Here is a summary of the new arrangements for cyclists access to St Peter’s Street and Cornmarket as we understand it (the rules on other streets have not changed, but are shown below for information):

The Rules for Each Street

Street Cycle Access
 St Peters Street     Cornmarket General access 5pm to 10am everyday. Motor vehicles have access for loading only.
 Market Place                       Tenant Street                   Irongate                                   Amen Alley  General access 24 hrs a day, 7 days a   week.                                                                   Motor vehicle access is more restricted.
 East Street                               Exchange Street                           St Peters Churchyard    Sadler   Gate No access for cyclists or motor vehicles on these one way streets, at any time, except for loading between 5pm to 10am.
St James’s Street

 

No access for cyclists or motor vehicles in either direction, except for loading   between 5pm to 10am.

Legal Standing:

The changes to access rules on St Peters Street and Cornmarket are covered by a Traffic Regulation Order (TRO) which is a statutory document and therefore cyclists have a legal right to use these streets between the stated times.

The new TRO gives cyclists access at the same times that HGVs, vans and cars have always had for loading, so there should be nothing controversial about that. If cyclists shouldn’t be here at those times, HGVs certainly should not.

Note that the access only applies when entering the pedestrianised area via St Peters Street and Cornmarket. There is no contra-flow cycling on one way streets (eg Albion Street, St Peters Churchyard & East Street); there is no cycling on St James’s Street or Sadler Gate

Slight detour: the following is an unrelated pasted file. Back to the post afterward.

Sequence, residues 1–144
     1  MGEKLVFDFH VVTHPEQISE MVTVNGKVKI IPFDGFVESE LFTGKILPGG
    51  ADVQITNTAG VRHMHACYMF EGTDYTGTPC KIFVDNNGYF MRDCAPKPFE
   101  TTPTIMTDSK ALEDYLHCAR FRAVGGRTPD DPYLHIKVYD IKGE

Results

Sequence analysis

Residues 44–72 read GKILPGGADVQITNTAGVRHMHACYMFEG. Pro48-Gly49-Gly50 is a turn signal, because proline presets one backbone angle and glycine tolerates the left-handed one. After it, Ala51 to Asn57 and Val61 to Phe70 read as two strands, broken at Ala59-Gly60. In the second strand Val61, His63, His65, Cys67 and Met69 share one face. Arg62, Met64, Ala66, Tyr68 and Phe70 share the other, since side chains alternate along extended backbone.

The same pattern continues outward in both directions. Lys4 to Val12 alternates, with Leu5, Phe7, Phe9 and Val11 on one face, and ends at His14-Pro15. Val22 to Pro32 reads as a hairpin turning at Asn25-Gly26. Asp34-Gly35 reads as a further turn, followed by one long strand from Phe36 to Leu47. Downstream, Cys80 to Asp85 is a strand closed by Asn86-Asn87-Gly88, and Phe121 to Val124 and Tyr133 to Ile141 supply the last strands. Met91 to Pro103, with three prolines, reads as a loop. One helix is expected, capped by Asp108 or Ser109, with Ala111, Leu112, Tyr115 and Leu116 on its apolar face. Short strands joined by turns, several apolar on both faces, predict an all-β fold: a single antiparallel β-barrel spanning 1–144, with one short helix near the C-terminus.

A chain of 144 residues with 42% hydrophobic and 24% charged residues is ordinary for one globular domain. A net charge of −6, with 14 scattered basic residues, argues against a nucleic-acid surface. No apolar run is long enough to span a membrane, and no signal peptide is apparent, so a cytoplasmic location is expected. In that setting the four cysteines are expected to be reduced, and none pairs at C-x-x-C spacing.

Signage:

The signs being used to inform the kind of access to streets in the city centre are descrided in a separate post:

                        City Centre Cycle Access Signage

The slabs with the shared use logos, inserted into the paving on St Peters Street, caused confusion and concern when they were removed because no reason was given. It turns out that they were not to specification, and slippery in the wet. Somebody had slipped over on one. We have been told that replacement, non-slip, versions will be provided by the supplier at their cost and will be re-inserted into the street when they arrive.

Responsible Use of Shared Spaces:

Whatever the ins and outs of the limitation of access to “off-peak hours”, or the clarity of the signage, the bottom line is that cyclists now have access to these streets; it removes a crazy anomaly that the vehicles posing most risk of any sort were allowed in, whilst those vehicles posing less risk were barred. Derby Cycling Group celebrates that and welcomes the opportunities for more urban cycle journeys that this provides. Our biggest desire is that everyone who uses these streets does so responsibly and safely and with respect to everyone else. We endorse the principle of the hierarchy of responsibility where those using a heavier, faster vehicle is most responsible for the safety of those using lighter and slower vehicles. However, everyone has responsibilities to use the space considerately and courteously. We hope that the new access regime will be enhanced in the future; whether that happens is in many ways in the hands of the cyclists who use these streets.

Derby City Centre Cycle Access – Signage:

Here is some guidance on our interpretation of the signage in use in Derby City Centre regarding the use of streets for cycling. We hope it is useful and informative. It is not a definitive legal definition, but is intended to help people understand the principles of the access which each sign is intended to convey.

Only the rules as they apply to cycling are described.

  1. Cycling allowed between 5pm and 10am only.